George Mitchell, Chairman, International Commission on Disarmament in Northern Ireland
This text has been professionally transcribed. However, for timely distribution, it has not been edited or proofread against the tape.
KEITH PORTER: This week on Common Ground, we talk with former U.S. Senator George Mitchell about his role in bringing peace to Northern Ireland.
PRESIDENT CLINTON: George’s first big deal was to make sure that people stayed in the same room while their counterparts were talking and actually listened. That’s how far we have come. That was the distance that was traveled between the beginning and the Good Friday Agreement. [applause]
GEORGE MITCHELL: There must be a policy of not giving in to terrorist acts of violence. You cannot let the men of violence control the agenda and control the future.
PORTER: Common Ground is a program on world affairs and the people who shape events. It’s produced by the Stanley Foundation. I’m Keith Porter.
PORTER: In 1995 President Clinton sent former U.S. Senator George Mitchell to Northern Ireland to broker peace in a region which has defied all such efforts for decades. But this particular round of talks culminated in the ground-breaking Good Friday peace agreement and the 1998 Nobel Peace Prize for Irish leaders John Hume and David Trimble. Before George Mitchell could even begin these peace talks he had to fend off accusations of bias and establish credibility with all sides.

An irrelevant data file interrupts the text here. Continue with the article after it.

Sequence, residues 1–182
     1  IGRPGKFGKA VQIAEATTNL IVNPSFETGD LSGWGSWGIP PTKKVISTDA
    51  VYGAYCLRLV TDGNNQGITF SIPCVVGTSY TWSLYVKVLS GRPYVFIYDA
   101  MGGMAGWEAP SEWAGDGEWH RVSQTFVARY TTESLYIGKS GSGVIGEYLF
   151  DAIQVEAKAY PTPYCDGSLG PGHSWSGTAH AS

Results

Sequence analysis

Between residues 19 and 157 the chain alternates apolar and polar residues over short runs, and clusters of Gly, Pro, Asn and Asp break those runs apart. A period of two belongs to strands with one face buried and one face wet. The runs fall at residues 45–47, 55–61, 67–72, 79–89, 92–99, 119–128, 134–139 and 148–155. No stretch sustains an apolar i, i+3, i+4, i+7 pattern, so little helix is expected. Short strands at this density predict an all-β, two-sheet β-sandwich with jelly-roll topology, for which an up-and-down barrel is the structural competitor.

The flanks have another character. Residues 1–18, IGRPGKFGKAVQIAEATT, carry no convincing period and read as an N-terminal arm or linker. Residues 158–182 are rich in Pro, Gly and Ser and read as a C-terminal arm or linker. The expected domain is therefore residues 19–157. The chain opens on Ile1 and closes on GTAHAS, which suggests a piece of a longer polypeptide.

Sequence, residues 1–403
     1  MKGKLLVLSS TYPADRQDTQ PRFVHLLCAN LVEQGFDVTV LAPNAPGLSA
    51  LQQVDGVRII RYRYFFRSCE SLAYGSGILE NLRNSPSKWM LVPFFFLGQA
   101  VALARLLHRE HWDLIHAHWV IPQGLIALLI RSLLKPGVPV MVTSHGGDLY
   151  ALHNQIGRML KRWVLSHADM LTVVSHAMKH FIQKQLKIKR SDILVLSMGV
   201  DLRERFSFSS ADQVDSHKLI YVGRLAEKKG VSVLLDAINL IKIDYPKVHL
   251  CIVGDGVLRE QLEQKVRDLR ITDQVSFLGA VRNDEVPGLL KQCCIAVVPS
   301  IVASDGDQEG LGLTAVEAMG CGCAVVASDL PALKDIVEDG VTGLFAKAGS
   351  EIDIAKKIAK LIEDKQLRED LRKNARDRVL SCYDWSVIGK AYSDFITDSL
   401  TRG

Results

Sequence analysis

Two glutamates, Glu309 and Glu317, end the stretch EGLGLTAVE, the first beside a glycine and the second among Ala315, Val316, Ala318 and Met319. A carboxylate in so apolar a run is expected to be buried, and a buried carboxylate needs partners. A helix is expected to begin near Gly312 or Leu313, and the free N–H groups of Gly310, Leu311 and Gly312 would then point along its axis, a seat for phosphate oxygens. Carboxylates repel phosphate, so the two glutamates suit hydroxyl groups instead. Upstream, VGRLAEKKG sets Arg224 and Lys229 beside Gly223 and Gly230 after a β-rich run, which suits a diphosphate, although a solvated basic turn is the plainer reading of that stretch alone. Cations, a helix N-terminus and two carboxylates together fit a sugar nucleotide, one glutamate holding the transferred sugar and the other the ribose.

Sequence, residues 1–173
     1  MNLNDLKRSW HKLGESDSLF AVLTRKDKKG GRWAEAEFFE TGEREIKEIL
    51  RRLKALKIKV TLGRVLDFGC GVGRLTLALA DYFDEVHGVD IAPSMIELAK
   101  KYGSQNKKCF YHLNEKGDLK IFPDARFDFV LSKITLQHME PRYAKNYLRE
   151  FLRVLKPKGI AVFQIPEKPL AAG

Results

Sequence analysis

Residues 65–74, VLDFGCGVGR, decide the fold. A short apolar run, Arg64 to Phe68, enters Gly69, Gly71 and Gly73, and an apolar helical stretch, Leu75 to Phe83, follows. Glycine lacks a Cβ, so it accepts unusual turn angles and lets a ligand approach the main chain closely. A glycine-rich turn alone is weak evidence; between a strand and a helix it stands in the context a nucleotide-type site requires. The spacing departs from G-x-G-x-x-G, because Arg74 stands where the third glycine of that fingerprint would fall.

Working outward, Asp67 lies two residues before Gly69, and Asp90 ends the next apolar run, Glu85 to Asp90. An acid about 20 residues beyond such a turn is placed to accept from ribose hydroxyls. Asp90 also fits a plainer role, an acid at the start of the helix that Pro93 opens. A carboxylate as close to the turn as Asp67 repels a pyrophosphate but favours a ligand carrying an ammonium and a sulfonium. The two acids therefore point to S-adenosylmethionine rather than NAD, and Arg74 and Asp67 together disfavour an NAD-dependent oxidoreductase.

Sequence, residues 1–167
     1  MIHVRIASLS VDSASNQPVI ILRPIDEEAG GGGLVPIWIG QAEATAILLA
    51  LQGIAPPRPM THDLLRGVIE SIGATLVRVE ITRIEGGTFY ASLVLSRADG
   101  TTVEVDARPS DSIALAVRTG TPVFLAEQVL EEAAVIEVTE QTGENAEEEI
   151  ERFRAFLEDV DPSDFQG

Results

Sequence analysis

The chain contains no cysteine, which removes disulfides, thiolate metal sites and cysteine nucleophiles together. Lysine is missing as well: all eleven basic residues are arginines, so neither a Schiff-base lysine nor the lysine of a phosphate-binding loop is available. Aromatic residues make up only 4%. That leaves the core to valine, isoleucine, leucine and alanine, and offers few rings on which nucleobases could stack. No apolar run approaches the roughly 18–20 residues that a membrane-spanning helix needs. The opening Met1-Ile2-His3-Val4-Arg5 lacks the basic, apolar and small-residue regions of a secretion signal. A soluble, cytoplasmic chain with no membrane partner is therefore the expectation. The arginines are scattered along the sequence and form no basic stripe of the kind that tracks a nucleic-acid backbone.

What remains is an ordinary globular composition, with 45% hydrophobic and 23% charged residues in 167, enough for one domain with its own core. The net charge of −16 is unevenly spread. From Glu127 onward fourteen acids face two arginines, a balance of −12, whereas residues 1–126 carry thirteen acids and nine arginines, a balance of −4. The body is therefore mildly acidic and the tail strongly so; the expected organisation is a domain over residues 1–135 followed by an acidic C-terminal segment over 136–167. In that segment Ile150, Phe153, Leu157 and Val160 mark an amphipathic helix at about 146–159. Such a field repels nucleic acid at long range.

MITCHELL: Well, I was fortunate in that I was invited to serve as Chairman of the peace negotiations by the two governments, who were the sponsors of the talks. And most of the political parties in Northern Ireland supported my serving as Chairman. As often happens in public affairs, although only a minority opposed me, it’s the opponents who get all of the press attention. Anybody looking at the newspapers would have thought that 95% of people over there opposed me when in fact it was a minority in one community. Just a couple of political parties out of the 10 political parties that were eligible to participate in the negotiations. So the first point is that the opposition wasn’t as widespread as many people had the impression.
The second was that I benefited from the fact that I had been in Northern Ireland for about a year-and-a-half prior to that. I’d served as President Clinton’s Special Advisor on economic initiatives and then at the initiative and request of the British and Irish governments I’d served as Chairman of an international commission on disarmament in Northern Ireland. And so most of them had seen me work, had worked with me, and had become convinced that I could and would be fair and impartial. And that really, I think, more than anything, was decisive in my favor.
PORTER: What in your life prepared you for this task?
MITCHELL: Serving as Majority Leader of the United States Senate. The Senate as you know has the right of unlimited debate; any Senator can speak at any time at any length on any subject and many frequently do. So as Majority Leader for six years I had to listen to some long, rambling, often not-very-persuasive or coherent presentations. And I didn’t realize it at the time but the Lord, in the mysterious way in which He works, was secretly preparing me to chair the Northern Ireland negotiations, where I experienced some long, rambling, not-very-persuasive presentations over a two year period.